While so far, Xi’s policies have targeted sections of the Chinese population – the corrupt, the dissidents, the ethnic minorities – with the latest announcement, potentially all Chinese are affected. Mao’s excesses and Deng Xiaoping’s influence behind the scenes are not such distant memories for the Chinese population that they will not have apprehensions about Xi’s seeking power potentially for life.

And like in India, so also in China. Citizens are not easily swayed by the numbers of corrupt officials arrested, believing there is much targeting on the basis of factional strife and that some individuals and their families are untouchable. Xi’s latest move has not gone down well with Chinese citizens either, and the Party censors have had a hard time trying to clean up criticism on social media.

From a foreign policy point of view, Xi’s consolidation of power actually does not change much. In fact, foreign policy has helped strengthen Xi in his domestic politics almost as much as domestic politics has helped weaken current US foreign policy. While China has a long way to go to effectively challenge American power around the world, Xi’s opportunism where the US has dithered – declaring China to be a supporter and leader of globalization and of climate change mitigation efforts, for example – does help undermine American image abroad and its confidence within.

In this respect, China under Xi is a much more cagey and powerful operator than Russia’s Vladimir Putin has been or will ever be. Putin is effectively the head of a declining power and his country’s aggressiveness is more akin to the raging against the dying of the light than anything sustainable over the long term.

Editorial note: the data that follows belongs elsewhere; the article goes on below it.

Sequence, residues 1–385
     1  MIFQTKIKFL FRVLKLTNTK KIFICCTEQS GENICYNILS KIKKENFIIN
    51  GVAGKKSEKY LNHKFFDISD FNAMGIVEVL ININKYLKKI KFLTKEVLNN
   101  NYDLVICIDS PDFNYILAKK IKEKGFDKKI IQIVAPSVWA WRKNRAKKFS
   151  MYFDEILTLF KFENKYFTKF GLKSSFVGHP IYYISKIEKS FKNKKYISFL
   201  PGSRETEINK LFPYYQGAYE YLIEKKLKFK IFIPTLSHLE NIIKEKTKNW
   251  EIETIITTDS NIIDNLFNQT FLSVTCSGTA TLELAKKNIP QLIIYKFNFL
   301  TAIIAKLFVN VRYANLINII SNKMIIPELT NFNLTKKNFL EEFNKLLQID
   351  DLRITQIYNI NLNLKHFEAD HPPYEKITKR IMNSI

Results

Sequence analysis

China’s economy as troubled as it might be is still quite strong and chugging along while its military is still in the process of finding its feet for the needs of the 21st century rather than being patched up with band-aid. Xi’s strengthening himself at the helm also allows economic and military reforms to be carried out without fear of disruption or bowing to exigencies due to short-term pain.

In the case of India, however, political exigency is exactly what marks the process of economic reform and military restructuring and modernization. Modi’s strength in Parliament has not necessarily concentrated his mind on the need for long-term reforms as much as it has on the need to pick off remaining political opponents. While there has been pain, the jury is still out on whether anything worthwhile has been achieved.

India will need reforms in governance that go beyond ensuring that its civil servants punch the clock and changes to civil-military relations that go beyond letting generals mouth off where it is not their business to.

It is not Xi’s unshackled power or its imitation in India that will be responsible for daylight between China’s and India’s growth stories or their status in the world. It is the search for easy fixes and the short-termism of India’s politicians, and its citizens.

This article was originally published as ‘Xi as Prez for life: As China gets assertive, India must focus on reforms’, Business Standard, 6 March 2018.